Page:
Anthem’s Medical Care Ratio Improves, Boosts Profit Margin


Apr. 8 2015, Updated 12:05 p.m. ET

Medical care ratio

The medical care ratio of health insurance companies (IYH) is the ratio of total money spent on healthcare claims to premiums earned, adjusted for tax and regulatory expenses. A smaller medical loss ratio indicates a higher profit margin.

The above graph shows that Anthem’s (ANTM) medical care ratio is lower than that of Centene (CNC) but higher than those of UnitedHealth Group (UNH) and Humana (HUM). To learn more about medical care ratios, read Why the Affordable Care Act hurts the managed care industry

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Commercial medical care ratio

Effective 2014, the ACA (Affordable Care Act) imposes an annual health insurance fee on private health insurance companies. In 2014, the federal government collected about $8 billion in health insurance fees from all health insurers in the US and is expected to collect $11.3 billion in 2015. Anthem (ANTM) faces a liability of $893.3 million resulting from this fee.

Revenues earned from self-insured enrollments are exempt from this fee. Health insurance companies pass the fee on to their fully insured customers in the form of increased premiums, and in this way, control the outflow of cash. To learn more about self-insured and fully insured enrollments, please read Shift to self-insurance plans affects health insurance stocks.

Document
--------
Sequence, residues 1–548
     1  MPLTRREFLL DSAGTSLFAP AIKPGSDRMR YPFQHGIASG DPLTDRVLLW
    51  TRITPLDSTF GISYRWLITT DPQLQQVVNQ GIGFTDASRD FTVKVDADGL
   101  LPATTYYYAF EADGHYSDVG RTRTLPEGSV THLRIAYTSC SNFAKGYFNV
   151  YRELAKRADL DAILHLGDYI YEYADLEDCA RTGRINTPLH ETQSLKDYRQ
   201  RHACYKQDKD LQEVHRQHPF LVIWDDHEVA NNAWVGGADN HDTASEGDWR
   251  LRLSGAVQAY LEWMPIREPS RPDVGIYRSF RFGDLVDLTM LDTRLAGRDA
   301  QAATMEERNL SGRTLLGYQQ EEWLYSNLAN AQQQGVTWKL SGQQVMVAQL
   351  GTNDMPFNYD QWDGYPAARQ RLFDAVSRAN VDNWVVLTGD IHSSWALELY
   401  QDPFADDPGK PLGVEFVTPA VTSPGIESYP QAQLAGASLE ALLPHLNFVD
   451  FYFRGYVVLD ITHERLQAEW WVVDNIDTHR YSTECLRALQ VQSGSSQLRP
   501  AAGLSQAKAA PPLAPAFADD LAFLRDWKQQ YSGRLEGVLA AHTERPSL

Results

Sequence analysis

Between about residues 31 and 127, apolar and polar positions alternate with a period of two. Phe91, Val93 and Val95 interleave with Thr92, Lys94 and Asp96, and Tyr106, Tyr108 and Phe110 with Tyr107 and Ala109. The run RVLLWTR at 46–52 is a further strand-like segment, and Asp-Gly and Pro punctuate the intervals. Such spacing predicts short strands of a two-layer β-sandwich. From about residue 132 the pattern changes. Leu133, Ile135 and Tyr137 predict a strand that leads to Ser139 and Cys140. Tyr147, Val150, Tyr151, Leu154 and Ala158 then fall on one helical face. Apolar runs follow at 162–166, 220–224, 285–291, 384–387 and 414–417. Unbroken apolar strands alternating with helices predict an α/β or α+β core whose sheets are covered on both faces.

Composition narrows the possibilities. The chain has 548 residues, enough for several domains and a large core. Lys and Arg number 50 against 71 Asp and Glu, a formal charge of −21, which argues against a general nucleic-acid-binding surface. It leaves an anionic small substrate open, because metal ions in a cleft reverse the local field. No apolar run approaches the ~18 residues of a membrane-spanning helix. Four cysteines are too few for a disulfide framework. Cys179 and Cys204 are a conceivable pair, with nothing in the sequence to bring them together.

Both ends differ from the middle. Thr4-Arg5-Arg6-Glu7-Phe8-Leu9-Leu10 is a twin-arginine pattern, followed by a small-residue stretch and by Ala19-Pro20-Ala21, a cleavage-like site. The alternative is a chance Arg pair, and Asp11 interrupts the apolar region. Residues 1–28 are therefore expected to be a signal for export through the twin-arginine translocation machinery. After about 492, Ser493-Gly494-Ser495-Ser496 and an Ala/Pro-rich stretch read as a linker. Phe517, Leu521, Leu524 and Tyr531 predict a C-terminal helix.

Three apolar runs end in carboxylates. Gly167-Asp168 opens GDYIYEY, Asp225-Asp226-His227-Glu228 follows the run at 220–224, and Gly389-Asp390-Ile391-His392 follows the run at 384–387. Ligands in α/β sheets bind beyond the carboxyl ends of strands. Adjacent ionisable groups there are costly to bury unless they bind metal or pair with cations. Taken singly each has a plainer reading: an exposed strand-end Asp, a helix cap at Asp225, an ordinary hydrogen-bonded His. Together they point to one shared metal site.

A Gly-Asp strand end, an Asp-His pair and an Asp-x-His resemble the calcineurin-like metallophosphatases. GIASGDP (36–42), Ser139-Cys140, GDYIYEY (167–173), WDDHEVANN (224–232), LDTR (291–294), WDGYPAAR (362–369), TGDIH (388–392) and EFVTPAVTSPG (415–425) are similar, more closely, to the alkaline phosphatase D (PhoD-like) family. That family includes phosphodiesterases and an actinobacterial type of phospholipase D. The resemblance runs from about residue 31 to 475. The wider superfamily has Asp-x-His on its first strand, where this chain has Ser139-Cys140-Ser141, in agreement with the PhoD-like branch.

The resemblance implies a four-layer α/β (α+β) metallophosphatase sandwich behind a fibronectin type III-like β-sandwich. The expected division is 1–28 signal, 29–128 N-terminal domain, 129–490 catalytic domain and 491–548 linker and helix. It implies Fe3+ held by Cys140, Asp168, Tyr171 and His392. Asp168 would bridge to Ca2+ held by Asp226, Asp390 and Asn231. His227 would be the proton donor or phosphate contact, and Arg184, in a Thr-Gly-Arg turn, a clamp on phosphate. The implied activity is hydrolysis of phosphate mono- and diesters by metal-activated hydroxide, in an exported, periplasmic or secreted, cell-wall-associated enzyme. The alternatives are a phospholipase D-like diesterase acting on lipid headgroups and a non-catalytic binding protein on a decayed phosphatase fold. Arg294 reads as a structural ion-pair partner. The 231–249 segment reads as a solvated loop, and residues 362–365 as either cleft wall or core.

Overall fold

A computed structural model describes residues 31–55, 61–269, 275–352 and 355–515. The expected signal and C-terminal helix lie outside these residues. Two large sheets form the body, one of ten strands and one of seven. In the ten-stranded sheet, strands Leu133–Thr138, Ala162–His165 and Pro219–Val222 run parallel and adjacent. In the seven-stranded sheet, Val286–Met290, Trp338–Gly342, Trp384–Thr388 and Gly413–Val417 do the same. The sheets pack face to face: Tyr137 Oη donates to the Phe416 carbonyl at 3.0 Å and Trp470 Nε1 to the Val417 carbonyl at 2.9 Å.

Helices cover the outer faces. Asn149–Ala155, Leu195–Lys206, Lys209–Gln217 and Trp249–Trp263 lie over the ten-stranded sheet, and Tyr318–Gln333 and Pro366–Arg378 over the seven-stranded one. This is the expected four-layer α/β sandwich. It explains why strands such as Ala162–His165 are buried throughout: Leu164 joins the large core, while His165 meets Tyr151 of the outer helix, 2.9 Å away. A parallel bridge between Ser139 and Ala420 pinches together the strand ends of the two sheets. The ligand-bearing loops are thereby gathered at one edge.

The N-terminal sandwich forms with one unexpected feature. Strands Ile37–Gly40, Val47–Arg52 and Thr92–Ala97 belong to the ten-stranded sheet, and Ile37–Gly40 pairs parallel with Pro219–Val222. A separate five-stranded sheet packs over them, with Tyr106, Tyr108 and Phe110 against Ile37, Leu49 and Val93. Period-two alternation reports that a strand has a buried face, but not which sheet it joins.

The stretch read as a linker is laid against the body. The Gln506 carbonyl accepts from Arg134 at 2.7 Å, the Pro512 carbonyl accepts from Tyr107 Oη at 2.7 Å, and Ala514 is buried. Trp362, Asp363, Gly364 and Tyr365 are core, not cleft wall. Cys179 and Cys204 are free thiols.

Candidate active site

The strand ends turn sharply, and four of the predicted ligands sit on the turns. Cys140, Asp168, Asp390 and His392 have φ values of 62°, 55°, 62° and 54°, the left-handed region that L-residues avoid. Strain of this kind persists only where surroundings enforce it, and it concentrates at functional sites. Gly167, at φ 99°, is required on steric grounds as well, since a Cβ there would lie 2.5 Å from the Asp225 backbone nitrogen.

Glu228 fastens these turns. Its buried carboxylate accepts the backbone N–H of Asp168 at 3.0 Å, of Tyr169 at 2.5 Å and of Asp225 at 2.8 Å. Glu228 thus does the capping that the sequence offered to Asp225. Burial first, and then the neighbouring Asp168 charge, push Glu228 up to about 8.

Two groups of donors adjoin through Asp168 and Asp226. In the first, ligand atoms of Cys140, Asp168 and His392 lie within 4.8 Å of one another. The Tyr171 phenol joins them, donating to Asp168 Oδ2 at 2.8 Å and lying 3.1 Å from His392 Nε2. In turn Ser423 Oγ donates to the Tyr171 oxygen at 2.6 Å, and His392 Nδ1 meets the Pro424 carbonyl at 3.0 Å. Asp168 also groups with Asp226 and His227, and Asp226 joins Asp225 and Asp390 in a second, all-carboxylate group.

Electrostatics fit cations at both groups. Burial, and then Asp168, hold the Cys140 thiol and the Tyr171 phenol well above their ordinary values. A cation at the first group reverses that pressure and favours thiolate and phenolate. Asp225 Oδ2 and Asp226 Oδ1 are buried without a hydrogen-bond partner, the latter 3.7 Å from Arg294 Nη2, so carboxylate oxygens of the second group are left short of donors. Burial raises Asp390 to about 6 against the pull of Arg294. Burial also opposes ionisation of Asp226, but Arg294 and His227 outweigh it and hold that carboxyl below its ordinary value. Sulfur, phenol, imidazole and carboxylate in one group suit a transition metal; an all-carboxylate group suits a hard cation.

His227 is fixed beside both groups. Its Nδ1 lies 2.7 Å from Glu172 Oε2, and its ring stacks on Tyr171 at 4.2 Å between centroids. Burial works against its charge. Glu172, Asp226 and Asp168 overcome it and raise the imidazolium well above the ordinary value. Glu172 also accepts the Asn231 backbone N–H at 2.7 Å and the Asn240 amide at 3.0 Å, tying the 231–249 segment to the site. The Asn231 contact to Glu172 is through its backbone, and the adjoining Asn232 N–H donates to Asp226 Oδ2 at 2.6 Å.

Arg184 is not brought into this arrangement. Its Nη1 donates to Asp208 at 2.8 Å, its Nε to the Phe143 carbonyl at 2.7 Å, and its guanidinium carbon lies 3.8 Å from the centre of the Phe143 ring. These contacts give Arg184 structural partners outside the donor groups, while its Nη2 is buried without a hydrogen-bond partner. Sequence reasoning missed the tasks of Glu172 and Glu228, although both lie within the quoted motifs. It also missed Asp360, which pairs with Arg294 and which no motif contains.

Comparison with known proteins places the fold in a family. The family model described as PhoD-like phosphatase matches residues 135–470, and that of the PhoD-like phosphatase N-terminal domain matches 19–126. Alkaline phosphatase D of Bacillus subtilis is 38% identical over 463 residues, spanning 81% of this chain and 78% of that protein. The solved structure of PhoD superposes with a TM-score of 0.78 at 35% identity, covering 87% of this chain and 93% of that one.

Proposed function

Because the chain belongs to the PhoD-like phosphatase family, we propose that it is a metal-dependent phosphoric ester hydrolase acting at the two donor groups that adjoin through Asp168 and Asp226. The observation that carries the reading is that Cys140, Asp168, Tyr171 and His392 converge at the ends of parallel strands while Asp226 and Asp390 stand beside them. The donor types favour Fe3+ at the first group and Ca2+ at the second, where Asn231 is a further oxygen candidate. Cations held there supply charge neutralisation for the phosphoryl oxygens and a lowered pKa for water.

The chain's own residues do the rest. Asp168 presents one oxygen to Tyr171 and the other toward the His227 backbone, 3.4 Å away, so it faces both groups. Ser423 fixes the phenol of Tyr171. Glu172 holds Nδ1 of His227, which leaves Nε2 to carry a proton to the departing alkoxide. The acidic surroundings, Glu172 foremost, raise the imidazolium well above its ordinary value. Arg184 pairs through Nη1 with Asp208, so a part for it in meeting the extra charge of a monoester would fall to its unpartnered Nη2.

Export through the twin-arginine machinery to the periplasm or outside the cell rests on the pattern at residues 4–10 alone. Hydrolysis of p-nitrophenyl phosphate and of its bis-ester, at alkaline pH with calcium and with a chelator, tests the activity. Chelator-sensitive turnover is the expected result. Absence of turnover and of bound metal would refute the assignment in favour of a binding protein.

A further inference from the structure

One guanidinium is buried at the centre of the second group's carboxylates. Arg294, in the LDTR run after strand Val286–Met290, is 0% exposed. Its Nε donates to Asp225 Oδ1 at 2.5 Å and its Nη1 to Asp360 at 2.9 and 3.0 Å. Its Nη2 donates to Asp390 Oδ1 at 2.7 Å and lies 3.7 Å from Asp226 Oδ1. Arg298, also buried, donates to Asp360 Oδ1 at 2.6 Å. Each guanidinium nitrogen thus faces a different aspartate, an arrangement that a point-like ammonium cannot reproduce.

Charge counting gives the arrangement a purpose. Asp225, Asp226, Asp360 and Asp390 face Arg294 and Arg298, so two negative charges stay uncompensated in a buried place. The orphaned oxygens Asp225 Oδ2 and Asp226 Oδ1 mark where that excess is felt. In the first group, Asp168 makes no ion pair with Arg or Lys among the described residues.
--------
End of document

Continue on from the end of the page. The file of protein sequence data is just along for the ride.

Anthem’s medical care ratio declined from 87.8% in 2013 to 83.1% in 2014, as a result of its favorable enrollment mix. About 78% of Anthem’s enrollments are either employer-sponsored or individually insured members. Approximately 60% of Anthem’s commercial enrollments are self-insured and are exempt from the health insurance fee. The remainder bear the burden of the fee with higher premiums.

Government-sponsored enrollments

Medicare and Medicaid enrollees can’t absorb this fee in their premiums. The CMS (Centers for Medicare and Medicaid Services) determines the premium levels for these programs through a prospective payment system that doesn’t include reimbursement for the health insurance fee.

Also, effective 2014, the ACA requires health insurance companies to maintain a medical care ratio of at least 85% for its MA (Medicare Advantage) enrollees. This further restricts margins earned from Medicare beneficiaries.


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